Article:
Providing an example of raw results is appropriate at least in these discussions. Since the p profiles have the most observations, we computed the mean of earnings of the largest player across the p profiles: $4.92, 98.4% of the SSPI across all rounds; and for the rounds with all players experienced $4.98, 99.7% of the SSPI.

The SSPI predicts that changing the “nominal” vote profile will have no effect on power only if the change does not violate symmetry by affecting matters that can influence voting outcomes -- beyond the power in the vote blocks themselves. Perceptions of vote blocks affect voters beyond the power of vote per se and so violate symmetry. Focal points are ways that such perceptions can affect outcomes.

The Invited Reviewer is correct; excluding competitive subjects may affect the external validity of the experiment. The “external” in this case refers to more natural environments. We would be interested in the effects of competitive subjects on vote outcomes. We are interested in the effects of many natural variables on vote outcomes. That interest is why we involved ourselves in the matter of power embedded in vote-blocks per se. With confidence in the SSPI, we can introduce heterogeneous subjects (such as differing psycho-social orientations) to investigate the effects of the conditions that vary and perhaps of heterogeneity itself.

Our data is not suited to investigating the effects of the offer-bids we gathered to select subjects for withdrawing from the experiment (when too many students arrived at a particular session). We excluded much of the relevant variation in order to achieve effectively homogenous subjects. Perhaps such difference would be interesting to the objectives and structure of further experiments.

The Invited Reviewer is correct, veto power does not in itself violate Shapley’s axiom of efficiency. Veto power that can, and sometimes does, result in lower payoffs in total to all players violates efficiency. Thank you; the correction improves transparency of the example.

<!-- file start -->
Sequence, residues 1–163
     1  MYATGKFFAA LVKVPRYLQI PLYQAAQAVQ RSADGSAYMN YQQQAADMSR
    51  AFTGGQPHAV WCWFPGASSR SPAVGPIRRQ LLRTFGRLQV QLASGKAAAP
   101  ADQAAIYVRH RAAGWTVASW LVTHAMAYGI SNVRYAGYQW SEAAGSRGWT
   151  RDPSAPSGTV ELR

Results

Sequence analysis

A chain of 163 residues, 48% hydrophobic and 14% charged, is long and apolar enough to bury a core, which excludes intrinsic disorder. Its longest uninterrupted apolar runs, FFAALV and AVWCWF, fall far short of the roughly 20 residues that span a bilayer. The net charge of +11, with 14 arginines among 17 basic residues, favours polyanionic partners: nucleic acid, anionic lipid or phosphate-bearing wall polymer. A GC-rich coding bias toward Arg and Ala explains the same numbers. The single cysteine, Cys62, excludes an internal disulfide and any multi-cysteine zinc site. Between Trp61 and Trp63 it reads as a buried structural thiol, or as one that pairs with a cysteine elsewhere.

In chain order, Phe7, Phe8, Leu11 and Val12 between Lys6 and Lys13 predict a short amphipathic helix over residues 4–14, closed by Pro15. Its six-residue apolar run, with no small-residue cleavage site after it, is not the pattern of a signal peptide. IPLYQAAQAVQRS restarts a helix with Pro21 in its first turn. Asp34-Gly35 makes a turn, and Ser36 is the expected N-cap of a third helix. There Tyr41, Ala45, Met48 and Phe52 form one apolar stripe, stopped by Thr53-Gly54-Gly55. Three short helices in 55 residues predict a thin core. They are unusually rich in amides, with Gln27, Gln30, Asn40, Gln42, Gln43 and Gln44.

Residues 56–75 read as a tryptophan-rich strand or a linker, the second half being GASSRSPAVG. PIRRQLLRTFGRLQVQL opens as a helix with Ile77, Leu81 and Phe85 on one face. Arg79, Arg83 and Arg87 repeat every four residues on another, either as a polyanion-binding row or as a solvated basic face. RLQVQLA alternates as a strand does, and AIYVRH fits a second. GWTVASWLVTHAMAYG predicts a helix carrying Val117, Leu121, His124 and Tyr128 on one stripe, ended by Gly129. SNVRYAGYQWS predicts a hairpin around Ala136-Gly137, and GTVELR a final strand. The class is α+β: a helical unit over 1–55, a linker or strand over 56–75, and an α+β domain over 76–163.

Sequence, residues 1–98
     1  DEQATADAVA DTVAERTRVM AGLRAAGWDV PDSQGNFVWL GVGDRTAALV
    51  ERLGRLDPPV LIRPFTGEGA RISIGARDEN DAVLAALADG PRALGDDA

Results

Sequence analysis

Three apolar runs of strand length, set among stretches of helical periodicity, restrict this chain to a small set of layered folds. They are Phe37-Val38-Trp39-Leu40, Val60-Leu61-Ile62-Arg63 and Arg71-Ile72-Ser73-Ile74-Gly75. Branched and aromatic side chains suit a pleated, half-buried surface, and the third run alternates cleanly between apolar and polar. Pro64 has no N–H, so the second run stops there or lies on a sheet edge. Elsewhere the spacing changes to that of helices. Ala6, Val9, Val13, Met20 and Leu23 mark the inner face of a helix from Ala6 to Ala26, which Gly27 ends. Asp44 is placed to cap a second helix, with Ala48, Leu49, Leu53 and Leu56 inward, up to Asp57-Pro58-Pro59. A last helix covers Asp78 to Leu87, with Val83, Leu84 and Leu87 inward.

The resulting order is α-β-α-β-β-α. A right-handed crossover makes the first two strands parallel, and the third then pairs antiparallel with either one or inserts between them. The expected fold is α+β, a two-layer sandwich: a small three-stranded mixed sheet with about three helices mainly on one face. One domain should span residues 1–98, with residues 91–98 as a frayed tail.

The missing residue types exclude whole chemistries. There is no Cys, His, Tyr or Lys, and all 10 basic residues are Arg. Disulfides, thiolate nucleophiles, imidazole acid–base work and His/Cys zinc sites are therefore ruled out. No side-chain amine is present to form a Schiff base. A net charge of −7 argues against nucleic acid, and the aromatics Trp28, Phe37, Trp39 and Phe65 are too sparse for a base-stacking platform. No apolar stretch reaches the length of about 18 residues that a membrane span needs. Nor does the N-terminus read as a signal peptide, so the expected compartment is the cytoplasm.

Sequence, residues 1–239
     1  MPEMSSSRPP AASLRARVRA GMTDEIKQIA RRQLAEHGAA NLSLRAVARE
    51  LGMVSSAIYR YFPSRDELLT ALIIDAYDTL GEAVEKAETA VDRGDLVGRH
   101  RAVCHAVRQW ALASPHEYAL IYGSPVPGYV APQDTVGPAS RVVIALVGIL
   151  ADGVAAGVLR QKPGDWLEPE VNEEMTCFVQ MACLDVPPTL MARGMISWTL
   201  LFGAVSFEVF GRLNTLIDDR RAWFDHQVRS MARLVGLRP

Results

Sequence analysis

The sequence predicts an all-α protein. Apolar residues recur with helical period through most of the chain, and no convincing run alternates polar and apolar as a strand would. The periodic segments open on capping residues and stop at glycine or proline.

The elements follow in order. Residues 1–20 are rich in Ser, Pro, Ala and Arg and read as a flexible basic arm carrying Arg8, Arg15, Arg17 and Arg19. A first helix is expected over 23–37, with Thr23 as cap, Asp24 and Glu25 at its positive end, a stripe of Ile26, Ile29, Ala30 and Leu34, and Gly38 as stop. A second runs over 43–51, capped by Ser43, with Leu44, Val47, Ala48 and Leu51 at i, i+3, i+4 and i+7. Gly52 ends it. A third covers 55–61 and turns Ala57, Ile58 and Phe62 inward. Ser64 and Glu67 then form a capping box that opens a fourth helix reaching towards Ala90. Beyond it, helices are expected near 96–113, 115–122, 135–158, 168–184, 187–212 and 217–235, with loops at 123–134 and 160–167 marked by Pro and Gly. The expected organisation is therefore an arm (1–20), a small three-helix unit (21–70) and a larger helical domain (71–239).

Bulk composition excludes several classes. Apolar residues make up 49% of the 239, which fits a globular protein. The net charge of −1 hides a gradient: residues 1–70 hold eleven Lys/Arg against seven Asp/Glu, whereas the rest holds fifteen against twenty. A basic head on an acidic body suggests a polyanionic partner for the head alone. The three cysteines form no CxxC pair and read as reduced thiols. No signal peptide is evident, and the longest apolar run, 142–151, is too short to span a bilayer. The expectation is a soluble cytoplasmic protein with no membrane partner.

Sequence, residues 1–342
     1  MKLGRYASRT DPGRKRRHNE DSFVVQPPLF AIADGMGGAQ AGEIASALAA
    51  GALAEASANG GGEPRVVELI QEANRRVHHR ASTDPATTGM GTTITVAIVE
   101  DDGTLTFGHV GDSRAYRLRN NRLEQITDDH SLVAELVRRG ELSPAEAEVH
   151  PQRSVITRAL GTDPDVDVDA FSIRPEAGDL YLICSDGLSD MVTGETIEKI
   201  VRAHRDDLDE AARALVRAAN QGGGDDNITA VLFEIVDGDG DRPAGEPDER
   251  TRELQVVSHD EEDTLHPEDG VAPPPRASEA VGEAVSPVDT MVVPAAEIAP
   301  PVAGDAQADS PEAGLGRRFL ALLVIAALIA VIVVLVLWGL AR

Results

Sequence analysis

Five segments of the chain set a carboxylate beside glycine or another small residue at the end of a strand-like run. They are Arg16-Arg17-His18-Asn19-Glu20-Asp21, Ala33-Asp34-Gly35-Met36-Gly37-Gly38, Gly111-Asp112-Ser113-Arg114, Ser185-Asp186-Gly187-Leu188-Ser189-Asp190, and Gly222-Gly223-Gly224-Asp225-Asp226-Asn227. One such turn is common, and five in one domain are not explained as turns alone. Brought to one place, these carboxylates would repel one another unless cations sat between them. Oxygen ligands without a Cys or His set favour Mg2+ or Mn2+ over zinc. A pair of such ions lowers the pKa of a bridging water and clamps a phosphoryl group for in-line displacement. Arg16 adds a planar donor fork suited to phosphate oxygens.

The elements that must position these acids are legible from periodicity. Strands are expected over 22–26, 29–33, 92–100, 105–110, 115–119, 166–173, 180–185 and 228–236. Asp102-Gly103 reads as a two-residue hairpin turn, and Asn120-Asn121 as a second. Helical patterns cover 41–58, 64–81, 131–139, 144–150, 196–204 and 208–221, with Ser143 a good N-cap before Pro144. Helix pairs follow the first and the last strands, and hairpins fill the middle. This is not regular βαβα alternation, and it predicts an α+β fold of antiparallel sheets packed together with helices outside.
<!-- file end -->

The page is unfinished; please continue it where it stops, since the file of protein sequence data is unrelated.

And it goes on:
I will correct the lines in Table 1.

Thank you very much,

Anonymous - Referee Report 1
September 30, 2013 - 08:58

see attached file

Chris Geller - Reply to Referee 1
October 09, 2013 - 09:10

We thank Referee 1 for any time and effort spent in reading and reviewing our paper. Although our paper has been rejected, we feel that replies may be of use to some readers.
Chris Geller
Oct 9, 2013

Anonymous - Referee Report 2
September 30, 2013 - 08:59

see attached file

Chris Geller - Reply to Referee 2
October 09, 2013 - 09:09

We thank Referee 2 for the time, care, and effort spent in reading and reviewing our paper. Although our paper has been rejected, we feel that replies may be of use to some readers.
Chris Geller
Oct 9, 2013

Jang Woo Park - Invited Reader Comment
October 02, 2013 - 08:35

see attached file

Chris Geller - Replies to Readers and Reviewers
October 04, 2013 - 19:53

Some issues of theory apply directly or indirectly to observations from more than one reviewer or reader. Also, some apply to multiple aspects of our methods. We would like to discuss issues of efficiency, symmetry, and additivity in comment threads separate from replies to individual reviewers and readers. If we ...[more]

... have not responded to such issues in a reply to a reader or reviewer, we are not neglecting them, but rather paying more attention.
Thank you,

Chris Geller - Preceding note outdated
October 09, 2013 - 09:14

There is no longer need to clarify theoretical issues.

Anonymous - Co-editor's decision
October 07, 2013 - 11:46

After reading the paper and all the posted comments, I agree with the two referees and Dr. Park that the paper, even though well motivated, fails to be convincing enough and cannot be accepted at this stage.
The two referees focus mostly on theoretical inconsistencies, which ...[more]

... I agree with, but the most important problem, highlighted both by the second referee and by Dr. Park, is in the exclusion methodology for the experiment. All the reports contain useful suggestions and literature comparisons and sources, so I think that the theoretical part and presentation part could be fixed in a revision, but the experimental methodology problems make me at the end prefer the rejection option.